An account of one student’s travels in the Philippine Cordilleras and his research into 2000-year-old water management techniques used by the indigenous tribes.
Charles Lamb is one of the two winners of the 2016 Landscape Institute Student Travel Award. A student of the University of Sheffield, Charles impressed judges with his proposal to research indigenous forms of water management in the Cordilleras, the chain of mountain ranges in the northern region of the island of Luzon in the Philippines.
For over 2,000 years, tribes in the high mountain regions of northern Luzon – the Philippine Cordilleras – have developed and managed an irrigation system that captures water, slows its progress, and ultimately provides the lifeblood of the area by irrigating the terraces carved into the hillsides. Could aspects of such a system have contemporary applications, and if so, how practical would it be to translate these to the other side of the world? With these considerations in mind, the Philippines beckoned.
The rice terraces of the Philippine Cordilleras are unique in the Philippines not only for their scale, but also for the way in which they are managed and cultivated by the local tribes. It is thought that the early settlers originated from mainland China, bringing with them their knowledge of terrace construction. In any event, the indigenous tribes have developed and managed a system that utilises the entirety of the watershed, in particular the high, forested mountainsides above the terraces. This, coupled with an understanding of rain patterns and geology, help them to manage the environment and topography in such a way as to sustain life in an otherwise seemingly inhospitable, rugged and impenetrable terrain.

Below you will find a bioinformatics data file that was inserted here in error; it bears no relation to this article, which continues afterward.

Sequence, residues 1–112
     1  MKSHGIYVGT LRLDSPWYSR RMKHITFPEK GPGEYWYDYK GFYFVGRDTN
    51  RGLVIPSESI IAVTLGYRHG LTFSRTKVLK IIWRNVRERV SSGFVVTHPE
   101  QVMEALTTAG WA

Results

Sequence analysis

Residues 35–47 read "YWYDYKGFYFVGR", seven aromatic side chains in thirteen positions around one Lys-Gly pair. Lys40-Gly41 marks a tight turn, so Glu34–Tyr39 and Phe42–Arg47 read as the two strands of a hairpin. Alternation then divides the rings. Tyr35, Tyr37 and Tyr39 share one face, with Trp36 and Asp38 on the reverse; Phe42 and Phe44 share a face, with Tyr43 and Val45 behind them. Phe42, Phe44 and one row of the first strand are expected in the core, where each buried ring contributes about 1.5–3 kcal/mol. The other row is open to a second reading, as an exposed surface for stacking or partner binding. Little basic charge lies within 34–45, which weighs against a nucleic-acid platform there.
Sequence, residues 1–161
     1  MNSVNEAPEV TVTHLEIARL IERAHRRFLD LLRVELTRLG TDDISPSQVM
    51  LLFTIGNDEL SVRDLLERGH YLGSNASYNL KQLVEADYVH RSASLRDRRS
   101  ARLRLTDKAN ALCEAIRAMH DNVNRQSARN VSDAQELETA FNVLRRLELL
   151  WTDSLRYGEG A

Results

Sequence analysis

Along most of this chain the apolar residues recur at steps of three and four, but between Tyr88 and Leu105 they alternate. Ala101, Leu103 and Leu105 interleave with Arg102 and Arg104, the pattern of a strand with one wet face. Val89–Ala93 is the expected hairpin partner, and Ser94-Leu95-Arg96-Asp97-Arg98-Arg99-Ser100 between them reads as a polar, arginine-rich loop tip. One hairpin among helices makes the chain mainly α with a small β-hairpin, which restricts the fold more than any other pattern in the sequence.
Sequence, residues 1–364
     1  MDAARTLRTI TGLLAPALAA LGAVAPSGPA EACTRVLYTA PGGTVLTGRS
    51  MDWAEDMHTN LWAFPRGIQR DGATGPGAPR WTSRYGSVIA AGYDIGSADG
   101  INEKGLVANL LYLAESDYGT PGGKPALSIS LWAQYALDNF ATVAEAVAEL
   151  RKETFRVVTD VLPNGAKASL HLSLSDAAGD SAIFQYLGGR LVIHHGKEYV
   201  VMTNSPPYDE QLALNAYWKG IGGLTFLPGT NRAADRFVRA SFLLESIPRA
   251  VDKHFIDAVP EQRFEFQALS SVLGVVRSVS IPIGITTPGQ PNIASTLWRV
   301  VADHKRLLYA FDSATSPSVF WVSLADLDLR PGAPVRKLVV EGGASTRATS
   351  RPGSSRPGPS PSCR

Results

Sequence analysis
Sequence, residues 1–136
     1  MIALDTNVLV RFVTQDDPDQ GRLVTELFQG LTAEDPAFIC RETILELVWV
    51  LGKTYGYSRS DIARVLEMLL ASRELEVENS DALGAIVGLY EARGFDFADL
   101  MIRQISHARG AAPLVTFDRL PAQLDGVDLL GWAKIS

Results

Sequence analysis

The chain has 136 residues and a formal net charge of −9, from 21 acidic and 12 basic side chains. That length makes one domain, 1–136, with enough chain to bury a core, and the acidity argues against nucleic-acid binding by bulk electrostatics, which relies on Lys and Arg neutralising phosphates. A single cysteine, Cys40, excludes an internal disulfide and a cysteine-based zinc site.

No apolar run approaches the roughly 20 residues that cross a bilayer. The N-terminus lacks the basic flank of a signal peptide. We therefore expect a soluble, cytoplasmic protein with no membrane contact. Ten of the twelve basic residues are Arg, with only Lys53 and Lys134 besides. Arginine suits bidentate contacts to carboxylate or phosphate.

In contrast to many other terrace systems that utilise naturally occurring springs as their main source of water, those created in the Philippine Cordilleras access the majority of their water via a managed forest ecosystem (the muyong), a multi-layered forest stretching above and through the cultivated rice terraces. Under usual rainfall conditions, rainwater is absorbed into the ground and gradually percolates downhill, eventually emerging into dedicated channels at the level of the terraces (the kinnaw). These direct the supply as needed to the terraces where, through a system of secondary channels, it overflows from one terrace to the next (the kula). Purposefully leaky walls regulate the flow downstream whilst helping to ensure that all terraces are equally irrigated.